Psalm 98 presents justice and righteousness as the essence of the worldwide policy that God wills and enacts. Psalm 98 also makes clear that this policy is motivated by God’s faithfulness and love. In short, the good news is that God rules the universe with faithfulness and love, and the ecumenical, ecological, economic, social, and political implications of this message are profound.[4]

 

Second, how do we put together God’s judgment and anger with the love of Christ on the cross? Especially when on the cross, Christ appears to be passive in the face of the injustice directed against him. How does any of this relate to God’s judgment and wrath in Revelation?

 

Miroslav Volf is Professor of Theology at Yale Divinity School and is an Episcopalian. Volf was born and grew up in Croatia where his father was a minister. He completed a doctorate in theology and began teaching systematic theology in Croatia just before war between the Croats and Serbs broke out in 1990. After the war ended, he wrote the book I will be quoting from, Exclusion and Embrace.[5]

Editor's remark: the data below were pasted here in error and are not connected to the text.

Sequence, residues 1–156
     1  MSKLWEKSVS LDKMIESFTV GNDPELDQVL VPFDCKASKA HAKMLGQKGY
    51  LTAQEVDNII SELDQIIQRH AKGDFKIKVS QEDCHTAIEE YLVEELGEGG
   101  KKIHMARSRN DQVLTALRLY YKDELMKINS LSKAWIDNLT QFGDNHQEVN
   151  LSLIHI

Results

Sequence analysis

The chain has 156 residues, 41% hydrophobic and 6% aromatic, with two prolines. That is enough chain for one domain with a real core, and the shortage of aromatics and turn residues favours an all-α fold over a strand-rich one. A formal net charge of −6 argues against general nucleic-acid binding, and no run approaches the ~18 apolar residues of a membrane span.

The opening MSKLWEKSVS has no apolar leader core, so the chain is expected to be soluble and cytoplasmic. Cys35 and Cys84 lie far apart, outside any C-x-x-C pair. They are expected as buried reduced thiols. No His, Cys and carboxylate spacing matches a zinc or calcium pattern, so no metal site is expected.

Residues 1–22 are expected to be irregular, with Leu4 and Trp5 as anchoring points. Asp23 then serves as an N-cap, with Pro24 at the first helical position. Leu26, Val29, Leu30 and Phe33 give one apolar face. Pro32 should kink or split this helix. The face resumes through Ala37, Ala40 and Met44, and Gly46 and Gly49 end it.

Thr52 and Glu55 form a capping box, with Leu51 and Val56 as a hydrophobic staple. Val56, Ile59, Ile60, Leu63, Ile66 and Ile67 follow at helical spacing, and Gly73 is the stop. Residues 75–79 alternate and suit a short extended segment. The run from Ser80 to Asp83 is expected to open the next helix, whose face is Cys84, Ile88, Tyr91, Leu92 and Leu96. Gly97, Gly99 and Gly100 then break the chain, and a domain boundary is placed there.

I will be quoting extensively from that book. Volf writes that he first presented the chapter I’ll be quoting from in a war zone in Croatia. The chapter is about the violence in this world, God’s judgment and anger in Revelation, and the cross of Christ. Volf invites his readers to identify their views of these topics. Then he ask us to imagine explaining our views in the middle of a war zone. He writes, “I suggest imagining that you are delivering a lecture in a war zone. Among your listeners are people whose cities and villages have been first plundered, then burned and leveled to the ground, whose daughters and sisters have been raped, whose fathers and brothers have had their throats slit.”[6]